March 4, 2015 – Farewell Creator!

Creator was so amazing. Words cannot express the depth of his character. I am sharing Old Friends’ (bless you, Beth) obituary as the photos, story, and links need to be shared. I have added a few of my own photos of Creator. Run free, beautiful boy! I’m sure that Sunshine was waiting for you to show you to the evergreen pastures.

Creator in August 2013

Creator in August 2013

Creator  Summer 2013

Summer 2013

The Great Creator Old Friends - August 2013

The Great Creator
Old Friends – August 2013

Old Friends Blog

For three days I’ve waited for the words for a fitting tribute to Creator. They haven’t come. No words can begin to describe him, or the loss of him.

Creator, Feb. 2010, by Laura Battles. Creator, Feb. 2010, by Laura Battles.

Few who saw Creator at Old Friends saw him race, but in the summer of 1990 he was the best horse running in Europe, a superlative athlete worthy of his great lineage: Nasrullah, Never Bend, Mill Reef. He was already a character. Later, one of his grooms in trainer André Fabre’s barn would tell Michael how they called Creator “Houdini” because no matter how meticulously they’d fasten on his blanket, the next time they checked on him they’d find the blanket on the stall floor. Creator’s easy victory over In the Wings in the Prix Ganay was especially celebrated. To this day, Creator is remembered in Great Britain. Here is his obituary in England’s Racing…

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Sad News

From Old Friends:  American Derby Winner The Name’s Jimmy
Euthanized at Old Friends

The following is directly from the Press Release from Old Friends. We didn’t get to visit Jimmy when we were there in August. We had been lucky to see him at earlier visits, and he was a wonderful fella! This is such sad news for everyone at Old Friends and for the legion of “The Name’s Jimmy” fans. An additional personal observation: The Name’s Jimmy was born the same year as our first homebred – Untarnished. This hits home, too.

The Name's Jimmy (1989 - 2004)

The Name’s Jimmy
(1989 – 2004)


– 1992 American Derby record setter The Name’s Jimmy died March 7 at Old Friends Thoroughbred Retirement Center in Georgetown, Kentucky. The 25 year old son of Encino out of the Grey Dawn mare Dancing at Dawn was undergoing treatment for mobility issues. Due to their increased severity, Dr. Joan Gariboldi of Hagyard Equine Medical Institute and Old Friends president Michael Blowen determined that humane euthanization was in the horse’s best interest. The Name’s Jimmy had resided at Old Friends since 2007.
Bloodstock agent Chuck Calvin recommended the colt, bred in Illinois by Triple D Stable, to Brian and Jan Burns of Mount Joy Stables, Inc. The Burns purchased the two year old in training as their first racing prospect. Brian Burns and his father, Jimmy Burns, had long shared the dream of owning a race horse, but Jimmy Burns did not live to see that dream realized. His son raced The Name’s Jimmy in his memory.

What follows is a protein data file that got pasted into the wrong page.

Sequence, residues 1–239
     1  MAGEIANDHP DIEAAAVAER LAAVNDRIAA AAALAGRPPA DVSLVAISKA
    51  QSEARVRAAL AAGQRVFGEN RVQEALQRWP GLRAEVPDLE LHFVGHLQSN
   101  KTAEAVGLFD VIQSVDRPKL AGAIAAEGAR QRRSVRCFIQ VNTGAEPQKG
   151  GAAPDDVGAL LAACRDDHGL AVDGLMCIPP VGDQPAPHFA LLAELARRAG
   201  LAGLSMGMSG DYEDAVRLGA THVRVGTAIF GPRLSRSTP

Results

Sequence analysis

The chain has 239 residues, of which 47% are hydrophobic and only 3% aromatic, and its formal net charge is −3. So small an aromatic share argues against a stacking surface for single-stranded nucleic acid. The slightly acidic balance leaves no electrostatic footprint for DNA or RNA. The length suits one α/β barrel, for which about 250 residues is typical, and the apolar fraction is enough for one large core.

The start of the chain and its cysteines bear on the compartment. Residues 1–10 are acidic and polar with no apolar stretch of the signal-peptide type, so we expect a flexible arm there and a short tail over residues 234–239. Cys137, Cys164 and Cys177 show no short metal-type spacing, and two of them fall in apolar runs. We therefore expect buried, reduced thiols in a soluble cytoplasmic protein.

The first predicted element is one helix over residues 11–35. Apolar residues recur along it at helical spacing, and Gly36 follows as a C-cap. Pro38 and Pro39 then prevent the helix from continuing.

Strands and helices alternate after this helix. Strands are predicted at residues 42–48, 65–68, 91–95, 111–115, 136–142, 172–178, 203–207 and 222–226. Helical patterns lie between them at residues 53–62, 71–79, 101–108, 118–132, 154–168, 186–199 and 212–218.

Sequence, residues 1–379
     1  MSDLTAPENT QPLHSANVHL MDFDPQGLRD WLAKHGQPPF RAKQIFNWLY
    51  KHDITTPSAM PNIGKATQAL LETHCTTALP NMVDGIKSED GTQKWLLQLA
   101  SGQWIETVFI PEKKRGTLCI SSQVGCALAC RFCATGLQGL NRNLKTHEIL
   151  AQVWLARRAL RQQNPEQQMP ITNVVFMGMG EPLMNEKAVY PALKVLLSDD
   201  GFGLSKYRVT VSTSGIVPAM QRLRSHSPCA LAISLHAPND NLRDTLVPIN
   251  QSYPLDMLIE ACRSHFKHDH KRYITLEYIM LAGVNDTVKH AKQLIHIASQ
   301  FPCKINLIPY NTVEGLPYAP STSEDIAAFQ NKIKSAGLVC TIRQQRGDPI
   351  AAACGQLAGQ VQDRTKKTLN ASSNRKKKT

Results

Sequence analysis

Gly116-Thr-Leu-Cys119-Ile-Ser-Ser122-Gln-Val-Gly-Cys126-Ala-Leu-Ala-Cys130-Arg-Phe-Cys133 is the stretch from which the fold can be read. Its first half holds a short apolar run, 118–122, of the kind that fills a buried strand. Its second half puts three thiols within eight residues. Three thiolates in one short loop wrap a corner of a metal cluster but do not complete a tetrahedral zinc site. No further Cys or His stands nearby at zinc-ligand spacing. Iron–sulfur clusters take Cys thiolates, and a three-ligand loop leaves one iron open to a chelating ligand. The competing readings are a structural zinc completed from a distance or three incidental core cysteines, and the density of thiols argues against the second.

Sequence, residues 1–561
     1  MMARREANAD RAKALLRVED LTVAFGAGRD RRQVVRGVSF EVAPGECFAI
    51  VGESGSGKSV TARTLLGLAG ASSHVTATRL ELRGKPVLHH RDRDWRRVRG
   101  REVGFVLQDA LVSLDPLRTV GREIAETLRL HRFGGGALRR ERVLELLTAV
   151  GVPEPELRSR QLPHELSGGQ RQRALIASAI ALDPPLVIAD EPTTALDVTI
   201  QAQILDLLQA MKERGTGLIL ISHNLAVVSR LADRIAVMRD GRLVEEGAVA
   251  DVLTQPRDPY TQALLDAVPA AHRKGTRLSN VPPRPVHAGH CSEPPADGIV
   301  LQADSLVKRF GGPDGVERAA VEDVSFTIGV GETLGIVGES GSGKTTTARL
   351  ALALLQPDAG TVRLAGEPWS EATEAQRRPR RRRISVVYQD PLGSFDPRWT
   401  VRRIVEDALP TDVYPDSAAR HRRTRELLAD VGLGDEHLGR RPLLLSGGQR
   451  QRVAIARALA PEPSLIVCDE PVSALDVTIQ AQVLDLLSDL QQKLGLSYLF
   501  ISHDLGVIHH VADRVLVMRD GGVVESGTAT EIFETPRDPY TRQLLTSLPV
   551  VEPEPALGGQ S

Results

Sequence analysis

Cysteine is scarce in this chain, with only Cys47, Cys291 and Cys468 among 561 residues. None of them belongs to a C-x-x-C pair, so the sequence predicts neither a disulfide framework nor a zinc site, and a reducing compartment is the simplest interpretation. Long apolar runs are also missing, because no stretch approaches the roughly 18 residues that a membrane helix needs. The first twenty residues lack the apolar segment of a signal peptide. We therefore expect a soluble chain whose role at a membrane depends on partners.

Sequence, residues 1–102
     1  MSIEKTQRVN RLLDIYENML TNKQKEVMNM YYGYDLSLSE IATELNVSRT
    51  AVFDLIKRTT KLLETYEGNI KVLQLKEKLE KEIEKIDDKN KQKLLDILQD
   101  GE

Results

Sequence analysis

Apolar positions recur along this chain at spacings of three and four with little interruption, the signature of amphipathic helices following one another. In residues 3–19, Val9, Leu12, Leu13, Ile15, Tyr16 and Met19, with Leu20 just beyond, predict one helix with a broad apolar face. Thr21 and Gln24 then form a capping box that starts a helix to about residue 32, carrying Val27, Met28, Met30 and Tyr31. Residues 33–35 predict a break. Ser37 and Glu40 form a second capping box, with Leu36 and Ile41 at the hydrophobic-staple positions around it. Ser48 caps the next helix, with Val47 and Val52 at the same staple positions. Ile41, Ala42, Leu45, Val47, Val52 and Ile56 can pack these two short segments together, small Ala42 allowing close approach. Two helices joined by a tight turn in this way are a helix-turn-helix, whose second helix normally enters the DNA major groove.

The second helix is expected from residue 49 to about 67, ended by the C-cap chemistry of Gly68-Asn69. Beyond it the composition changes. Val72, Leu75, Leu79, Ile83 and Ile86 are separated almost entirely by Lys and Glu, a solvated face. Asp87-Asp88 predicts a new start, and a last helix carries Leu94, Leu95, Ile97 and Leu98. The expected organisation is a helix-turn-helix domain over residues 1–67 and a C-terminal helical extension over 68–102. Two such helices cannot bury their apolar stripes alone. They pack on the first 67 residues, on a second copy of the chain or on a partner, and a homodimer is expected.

The Name’s Jimmy won the 1992 Will Rogers Handicap (G3) under trainer Charles Stutts. In his American Derby (G2) win he set a stakes record of 1:59.41 for 1 3/16 miles on the Arlington Park turf with Pat Day up. In 1994 the colt nearly succumbed to an infection. “He spiked a fever of 106 degrees,” Burns recalled. “Just as the authorization to euthanize arrived his fever broke. He went on to a second in the Fort Harrod Stakes at Keeneland.” The Name’s Jimmy earned $404,090 during his 1991-1994 racing career.
The multiple graded stakes winner entered stud in 1995 at Pope McLean’s Crestwood Farm in Kentucky. He later stood at Hill ‘N Dale near Barrington, Illinois and Elite Thoroughbreds in Folsom, Louisiana. “When Hurricane Katrina came through, Jimmy was lost. He stayed out in the bayou for two days before Pope McLean, Jr. found him,” Burns said. “It’s a wonder he wasn’t eaten by an alligator or bitten by a snake. After that, Pope and I called him The Survivor.”
The Name’s Jimmy sired four stakes winners and five stakes-placed winners. He sired earners of nearly $6 million. Brian and Jan Burns retired the stallion to Old Friends in July 2007. “If it doesn’t get through to people what Old Friends does for these horses it’s a crying shame,” remarked Burns.
“The Name’s Jimmy was blessed to have owners like Brian and Jan Burns and we were lucky to have Jimmy at Old Friends,” Blowen said. “It’s always difficult to euthanize one of our great retirees but Jimmy made it easy. The look in his eye spoke volumes and we were able to help him in his final hour. We’re very grateful for all he gave us.”
For more information about Old Friends see their website at  or call the farm at (502) 863-1775.
Old Friends is a 501 (c) (3) non-profit organization that cares for more than 125 retired racehorses. It’s Dream Chase Farm, located in Georgetown, KY, is open to tourists daily by appointment. Old Friends also has a satellite facility in Greenfield Center, N.Y., Old Friends at Cabin Creek: The Bobby Frankel Division. For more information on tours or to make a donation, contact the main farm at (502) 863-1775 or see their website at

Old Friends at Old Friends – Part 2 – The Grand Geldings

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When I last left off, I had told you about several of the wonderful horses I got to be reacquainted with at “Old Friends – A Kentucky Facility for Retired Thoroughbreds” ( ).

Popcorn Deelights and Special Ring

Popcorn Deelights and
Special Ring

The next residents I want to talk about are Popcorn Deelights and Special Ring. These two geldings are buddies and put on quite a show. Although Old Friends was initially begun as a retirement home for thoroughbred stallions, Michael Blowen and the folks at Old Friends have, over the years, become the caregivers for geldings (like the four in this post) and mares, as well as their stallion contingent.

Pops! (aka Seabiscuit)

(aka Seabiscuit)